Discussion on the question Why were blood and hair follicles from 25 people put on the Moon? calls into question whether this is a stunt or might have any basis in science.

There's two parts to my question:

  1. If somehow preserved well, do hair follicles and blood samples from a group of humans provide sufficient coverage alone to reconstruct a human population as far as the DNA content is concerned? Ignoring that you don't have an egg to put it in, is enough DNA present, or would there be key bits of DNA missing that you'd need a germ line sample in order to get? I suppose this can be asked as "can we clone people from blood and hair follicles alone?"

  2. Would 25 individuals be enough to obtain a viable population of clones?

Background from the linked question:

The Wired.com article A Crashed Israeli Lunar Lander Spilled Tardigrades on the Moon says:

Spivack had planned to send DNA samples to the moon in future versions of the lunar library, not on this mission. But a few weeks before Spivack had to deliver the lunar library to the Israelis, however, he decided to include some DNA in the payload anyway. Ha and an engineer on Spivack’s team added a thin layer of epoxy resin between each layer of nickel, a synthetic equivalent of the fossilized tree resin that preserves ancient insects. Into the resin they tucked hair follicles and blood samples from Spivack and 24 others that he says represent a diverse genetic cross-section of human ancestry, in addition to some dehydrated tardigrades and samples from major holy sites, like the Bodhi tree in India. A few thousand extra dehydrated tardigrades were sprinkled onto tape that was attached to the lunar library.

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    $\begingroup$ If the 25 human samples were from diverse regions of the world, i'd bet that it would be easy to build a human population with medical supports, although the frailties may not make them viable for wild tribe life. $\endgroup$ Aug 11, 2019 at 8:48
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    $\begingroup$ No, because AFAIK you can't just clone a mammal from DNA. You need a mother from the same or a closely-related species. Think of it as "blueprints": instructions to a factory that has a lot of highly-specialized CNC machinery. Without having those machines (or being able to build duplicates), your CNC instructions are useless. $\endgroup$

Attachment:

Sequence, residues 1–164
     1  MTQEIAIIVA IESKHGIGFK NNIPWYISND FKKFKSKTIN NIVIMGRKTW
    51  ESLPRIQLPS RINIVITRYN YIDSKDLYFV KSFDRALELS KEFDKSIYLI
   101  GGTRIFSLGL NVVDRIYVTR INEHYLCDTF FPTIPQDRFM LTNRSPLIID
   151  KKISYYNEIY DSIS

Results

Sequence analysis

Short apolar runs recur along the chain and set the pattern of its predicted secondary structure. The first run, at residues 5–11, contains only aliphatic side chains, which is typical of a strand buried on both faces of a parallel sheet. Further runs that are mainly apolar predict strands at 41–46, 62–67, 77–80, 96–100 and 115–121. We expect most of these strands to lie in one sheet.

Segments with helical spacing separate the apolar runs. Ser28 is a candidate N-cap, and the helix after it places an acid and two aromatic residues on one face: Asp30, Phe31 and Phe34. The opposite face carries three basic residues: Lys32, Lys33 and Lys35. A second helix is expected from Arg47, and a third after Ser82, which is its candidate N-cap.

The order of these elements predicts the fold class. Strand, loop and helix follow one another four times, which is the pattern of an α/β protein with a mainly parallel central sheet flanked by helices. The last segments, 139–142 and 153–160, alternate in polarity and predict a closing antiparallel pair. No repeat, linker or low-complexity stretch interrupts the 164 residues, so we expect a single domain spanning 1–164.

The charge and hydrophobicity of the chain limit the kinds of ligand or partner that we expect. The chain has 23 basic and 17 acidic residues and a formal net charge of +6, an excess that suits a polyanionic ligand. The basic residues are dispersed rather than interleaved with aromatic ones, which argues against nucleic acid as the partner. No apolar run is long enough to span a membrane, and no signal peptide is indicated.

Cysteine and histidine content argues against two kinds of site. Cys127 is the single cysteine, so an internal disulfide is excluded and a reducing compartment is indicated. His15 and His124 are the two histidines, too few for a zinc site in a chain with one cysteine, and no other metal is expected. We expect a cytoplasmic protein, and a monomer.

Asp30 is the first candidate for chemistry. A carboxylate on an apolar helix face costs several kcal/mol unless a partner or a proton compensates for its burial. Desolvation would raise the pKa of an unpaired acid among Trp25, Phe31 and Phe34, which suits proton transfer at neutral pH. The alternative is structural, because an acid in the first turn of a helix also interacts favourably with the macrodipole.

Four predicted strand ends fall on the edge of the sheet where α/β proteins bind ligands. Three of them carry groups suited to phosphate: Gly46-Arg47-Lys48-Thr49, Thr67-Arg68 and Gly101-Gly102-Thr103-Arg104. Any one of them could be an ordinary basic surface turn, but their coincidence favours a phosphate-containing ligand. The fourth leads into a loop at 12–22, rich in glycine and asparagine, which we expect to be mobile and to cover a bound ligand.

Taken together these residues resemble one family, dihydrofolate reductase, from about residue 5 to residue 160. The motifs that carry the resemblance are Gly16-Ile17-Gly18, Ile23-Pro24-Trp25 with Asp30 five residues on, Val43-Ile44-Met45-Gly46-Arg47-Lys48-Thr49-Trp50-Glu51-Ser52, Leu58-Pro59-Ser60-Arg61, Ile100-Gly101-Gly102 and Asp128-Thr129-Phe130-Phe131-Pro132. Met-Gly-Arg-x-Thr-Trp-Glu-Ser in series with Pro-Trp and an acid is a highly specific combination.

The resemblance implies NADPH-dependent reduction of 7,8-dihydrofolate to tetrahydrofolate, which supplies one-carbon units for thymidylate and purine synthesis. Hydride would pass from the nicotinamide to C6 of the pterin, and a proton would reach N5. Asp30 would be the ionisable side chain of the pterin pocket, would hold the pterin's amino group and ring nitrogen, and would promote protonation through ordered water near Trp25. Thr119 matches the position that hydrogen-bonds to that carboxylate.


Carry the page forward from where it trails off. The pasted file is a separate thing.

– jamesqf
    Feb 8, 2020 at 3:50
  • $\begingroup$ @jamesqf so perhaps the use of the verb "clone" in the question was misguided. There's still the question of the fraction of the genome present in hair follicle and blood being sufficient. $\endgroup$
    – uhoh
    Feb 8, 2020 at 4:01
  • $\begingroup$ If you had the technology to build a human from the DNA in hair follicles, you'd probably have the technology to synthesize DNA from scratch. So instead of sending up 25 hair follicles, send up an SSD with DNA sequences from thousands of people. $\endgroup$
    – user137
    Feb 13, 2020 at 13:35
  • $\begingroup$ @user137 a little bit like this? $\endgroup$
    – uhoh
    Feb 13, 2020 at 13:39

1 Answer 1


If we assume for a moment that the samples could be successfully cloned, 25 individuals is probably not enough to maintain a stable human population for more than a few hundred year without experiencing severe inbreeding depression and eventual extinction.

In population biology, there's a general rule of 50/500 for minimum viable population sizes. Essentially, a minimum population of 50 is needed to prevent inbreeding depression, and 500 to stabilize genetic drift. Of course that's a generalization used in management situations, and lots of factors go into making a calculation like this with any amount of precision.

One estimate gives a minimum viable human population (for generational space travel and permanent colonization) of ~40,000 humans in order to maintain genetic diversity. But that only applies to a population carefully screened and selected to maximize the effective population size. Another suggests 160 people could be enough for a stable population, as long as they return home to mix it up with the rest of humanity every 200 years or so.

  • $\begingroup$ Thank you for your well-supported answer! I was worried about the samples not covering a complete genome, but didn't stop to think about this issue at all! $\endgroup$
    – uhoh
    Feb 12, 2020 at 23:55

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